> (?www?), and as such, should be named accordingly (?extranet.domain.com?
    > for a company extranet, ?ftp.domain.com? for a public FTP store,
    > ?mail.domain.com? for e-mail servers, etc., etc.).
    >


    > [snip description of DNS based load-balancing]


    >>>What is the difference between a site like www.mysite.com
    >>>and mysite.com?

    >> These are different domainnames and could be used to host different sites
    >> - but usually both names point to the same site.

    >
    > Using just ?domain.com? is bad form. The whole point of a subdomain is
    > to specify a service under the umbrella of the domain name. ?www?
    > specifies a web site. ?ftp? specifies a public ftp store. And so on.


    This was the original intention of the subdomain concept. But today there is
    no real reason for this. Sites are either hosted in a much simpler
    configuration - a single server doing 'everything', and there is no point
    in giving different names to the same server. And large sites use a much
    more sophisticated setup than 'one www, one ftp and one mail server'.

    IMHO subdomain should today used to devide the services by content and not
    by the used protocol - the URI scheme should be used to specify the
    protocol, not the subdomain (which it wouldn't do anyway).

    And (again IMHO) using 'example.com' as the primary portal for a domain is
    valid approach (and supporting www.example.com only as a legacy alias).

    Though I personally prefer 'www.example.com' over 'example.com' - but I
    think it's just a matter of personal preference today.

    --
    Benjamin Niemann
    Email: pink at odahoda dot de
    WWW: http://www.odahoda.de/
    Benjamin Niemann, Jan 2, 2006
    #15
  16. Jose

    Stan McCann Guest

    Jose <> wrote in
    news:59Tsf.387$:

    > What is the purpose of the common www prefix for websites, and what
    > does www2 mean? What is the difference between a site like
    > www.mysite.com and mysite.com?


    Legacy. In the beginning (of the www), there were servers each with a
    host name. Then came web server software that ran on servers being set
    up as a www server. There were so few at the time, www became a
    natural host name for the www server. www2 came as a result of
    unimaginative sysadmins setting up a second www server.

    Although unneeded except for those that automatically put www. in front
    of every url, most of my sites accept both methods, ie:
    http://www.abateofnm.org/ and http://abateofnm.org/. One site I manage
    cannot do that as http://www.nmsu.edu/ is New Mexico State University's
    site while http://alamo.nmsu.edu/ is New Mexico State University at
    Alamogordo's. I suppose I could ask for www.alamo.nmsu.edu alias but
    don't really think there is a need.

    --
    Stan McCann "Uncle Pirate" http://stanmccann.us/pirate.html
    Webmaster/Computer Center Manager, NMSU at Alamogordo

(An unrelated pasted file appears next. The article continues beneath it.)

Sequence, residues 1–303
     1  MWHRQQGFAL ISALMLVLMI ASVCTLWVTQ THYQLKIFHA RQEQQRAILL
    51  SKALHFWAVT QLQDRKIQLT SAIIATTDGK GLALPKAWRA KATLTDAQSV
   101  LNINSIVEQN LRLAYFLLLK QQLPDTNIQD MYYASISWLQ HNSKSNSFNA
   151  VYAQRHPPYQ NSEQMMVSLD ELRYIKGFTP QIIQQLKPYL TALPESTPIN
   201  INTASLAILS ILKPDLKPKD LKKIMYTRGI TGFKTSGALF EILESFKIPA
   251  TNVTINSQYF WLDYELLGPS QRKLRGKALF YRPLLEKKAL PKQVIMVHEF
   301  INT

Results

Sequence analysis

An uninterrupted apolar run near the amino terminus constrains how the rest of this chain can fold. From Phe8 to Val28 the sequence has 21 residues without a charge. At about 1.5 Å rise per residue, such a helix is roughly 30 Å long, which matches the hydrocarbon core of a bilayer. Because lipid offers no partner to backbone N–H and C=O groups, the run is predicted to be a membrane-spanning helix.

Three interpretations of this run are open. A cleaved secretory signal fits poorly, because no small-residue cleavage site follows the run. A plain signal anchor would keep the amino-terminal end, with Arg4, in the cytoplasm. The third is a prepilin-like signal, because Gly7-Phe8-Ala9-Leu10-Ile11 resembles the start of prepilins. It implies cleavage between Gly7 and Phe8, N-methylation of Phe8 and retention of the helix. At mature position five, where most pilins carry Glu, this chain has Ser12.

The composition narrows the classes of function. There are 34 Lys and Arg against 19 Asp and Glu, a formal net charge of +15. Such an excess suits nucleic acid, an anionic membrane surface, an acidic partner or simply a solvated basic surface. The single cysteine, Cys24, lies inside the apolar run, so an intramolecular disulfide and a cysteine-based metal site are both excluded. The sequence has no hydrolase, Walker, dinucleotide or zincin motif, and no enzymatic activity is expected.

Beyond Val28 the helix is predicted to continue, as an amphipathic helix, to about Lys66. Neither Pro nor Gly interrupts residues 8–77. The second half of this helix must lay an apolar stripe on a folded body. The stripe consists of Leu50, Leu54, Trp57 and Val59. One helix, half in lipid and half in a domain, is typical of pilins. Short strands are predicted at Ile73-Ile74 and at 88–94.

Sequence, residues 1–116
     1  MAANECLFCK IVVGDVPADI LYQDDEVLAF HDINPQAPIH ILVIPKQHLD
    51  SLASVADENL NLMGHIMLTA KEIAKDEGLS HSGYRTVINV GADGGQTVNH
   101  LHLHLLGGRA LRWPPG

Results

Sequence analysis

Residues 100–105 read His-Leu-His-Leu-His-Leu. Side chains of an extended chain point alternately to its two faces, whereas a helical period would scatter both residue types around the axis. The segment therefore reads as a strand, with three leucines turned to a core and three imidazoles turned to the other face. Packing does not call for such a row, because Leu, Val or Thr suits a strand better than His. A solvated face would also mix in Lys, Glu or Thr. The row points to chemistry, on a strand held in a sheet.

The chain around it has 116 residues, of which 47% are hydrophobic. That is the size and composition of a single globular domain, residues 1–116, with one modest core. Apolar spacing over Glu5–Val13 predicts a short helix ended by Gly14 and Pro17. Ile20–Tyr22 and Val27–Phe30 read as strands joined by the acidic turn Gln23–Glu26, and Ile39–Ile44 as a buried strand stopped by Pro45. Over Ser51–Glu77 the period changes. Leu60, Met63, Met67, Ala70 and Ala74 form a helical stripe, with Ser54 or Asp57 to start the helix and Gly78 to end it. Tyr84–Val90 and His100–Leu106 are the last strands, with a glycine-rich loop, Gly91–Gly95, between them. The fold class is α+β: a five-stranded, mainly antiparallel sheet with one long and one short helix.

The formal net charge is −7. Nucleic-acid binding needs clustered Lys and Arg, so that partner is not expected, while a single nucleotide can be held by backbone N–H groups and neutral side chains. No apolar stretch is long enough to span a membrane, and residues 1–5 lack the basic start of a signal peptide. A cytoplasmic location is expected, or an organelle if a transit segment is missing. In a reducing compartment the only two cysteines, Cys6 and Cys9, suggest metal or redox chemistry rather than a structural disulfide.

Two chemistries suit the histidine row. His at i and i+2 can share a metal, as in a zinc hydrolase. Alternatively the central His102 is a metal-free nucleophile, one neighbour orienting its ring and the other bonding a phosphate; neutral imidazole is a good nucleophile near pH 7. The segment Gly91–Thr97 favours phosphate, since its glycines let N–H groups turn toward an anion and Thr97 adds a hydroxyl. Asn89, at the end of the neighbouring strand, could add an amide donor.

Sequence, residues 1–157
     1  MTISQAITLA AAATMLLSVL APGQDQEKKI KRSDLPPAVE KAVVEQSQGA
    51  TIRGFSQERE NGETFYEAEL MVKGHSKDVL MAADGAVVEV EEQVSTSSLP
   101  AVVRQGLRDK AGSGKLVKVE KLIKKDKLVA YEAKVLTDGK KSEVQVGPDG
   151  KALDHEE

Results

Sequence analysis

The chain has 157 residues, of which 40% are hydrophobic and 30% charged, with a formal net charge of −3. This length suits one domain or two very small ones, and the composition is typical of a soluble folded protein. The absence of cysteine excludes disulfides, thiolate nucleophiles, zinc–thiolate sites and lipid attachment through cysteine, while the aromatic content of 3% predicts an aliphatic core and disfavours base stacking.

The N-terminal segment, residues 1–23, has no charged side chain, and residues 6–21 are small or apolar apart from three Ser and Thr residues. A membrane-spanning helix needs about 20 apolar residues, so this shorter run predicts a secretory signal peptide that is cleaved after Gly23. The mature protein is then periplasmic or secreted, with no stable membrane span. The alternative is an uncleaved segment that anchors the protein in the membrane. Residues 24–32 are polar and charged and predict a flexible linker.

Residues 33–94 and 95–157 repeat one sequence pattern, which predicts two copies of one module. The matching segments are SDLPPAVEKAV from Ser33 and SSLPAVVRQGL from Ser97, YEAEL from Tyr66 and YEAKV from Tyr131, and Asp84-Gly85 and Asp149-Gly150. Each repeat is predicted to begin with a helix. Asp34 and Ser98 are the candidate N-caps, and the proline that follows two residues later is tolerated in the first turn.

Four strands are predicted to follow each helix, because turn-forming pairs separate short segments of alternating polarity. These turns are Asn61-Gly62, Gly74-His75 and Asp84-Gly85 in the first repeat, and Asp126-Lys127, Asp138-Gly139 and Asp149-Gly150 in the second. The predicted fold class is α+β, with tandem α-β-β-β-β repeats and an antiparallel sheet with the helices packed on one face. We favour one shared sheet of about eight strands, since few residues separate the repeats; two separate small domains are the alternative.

http://alamo.nmsu.edu/ There are 10 kinds of people.
    Those that understand binary and those that don't.
    Stan McCann, Jan 2, 2006
    #16
  17. Jose

    dorayme Guest

    In article <Xns973F94D67C0A0stanmccann@216.234.192.142>,
    Stan McCann <> wrote:

    > Jose <> wrote in
    > news:59Tsf.387$:
    >
    > > What is the purpose of the common www prefix for websites, and what
    > > does www2 mean? What is the difference between a site like
    > > www.mysite.com and mysite.com?

    >
    > Legacy. In the beginning (of the www), there were servers each with a
    > host name. Then came web server software that ran on servers being set
    > up as a www server. There were so few at the time, www became a
    > natural host name for the www server. www2 came as a result of
    > unimaginative sysadmins setting up a second www server.


    Now this is starting to be a good explanation Stan. (I mildly
    complained before...)
    dorayme, Jan 2, 2006
    #17
    1. Advertising

Want to reply to this thread or ask your own question?

It takes just 2 minutes to sign up (and it's free!). Just click the sign up button to choose a username and then you can ask your own questions on the forum.
Similar Threads
  1. =?Utf-8?B?VGltOjouLg==?=

    Why, why, why???

    =?Utf-8?B?VGltOjouLg==?=, Jan 27, 2005, in forum: ASP .Net
    Replies:
    6
    Views:
    563
    Juan T. Llibre
    Jan 27, 2005
  2. Horace Nunley

    why why why does function not work

    Horace Nunley, Sep 27, 2006, in forum: ASP .Net
    Replies:
    1
    Views:
    455
    =?Utf-8?B?UGV0ZXIgQnJvbWJlcmcgW0MjIE1WUF0=?=
    Sep 27, 2006
  3. Mr. SweatyFinger

    VWD why why why

    Mr. SweatyFinger, Nov 28, 2006, in forum: ASP .Net
    Replies:
    1
    Views:
    380
    =?Utf-8?B?Q2lhcmFuIE8nJycnRG9ubmVsbA==?=
    Dec 21, 2006
  4. Mr. SweatyFinger

    why why why why why

    Mr. SweatyFinger, Nov 28, 2006, in forum: ASP .Net
    Replies:
    4
    Views:
    875
    Mark Rae
    Dec 21, 2006
  5. Mr. SweatyFinger
    Replies:
    2
    Views:
    1,804
    Smokey Grindel
    Dec 2, 2006
Loading...

Share This Page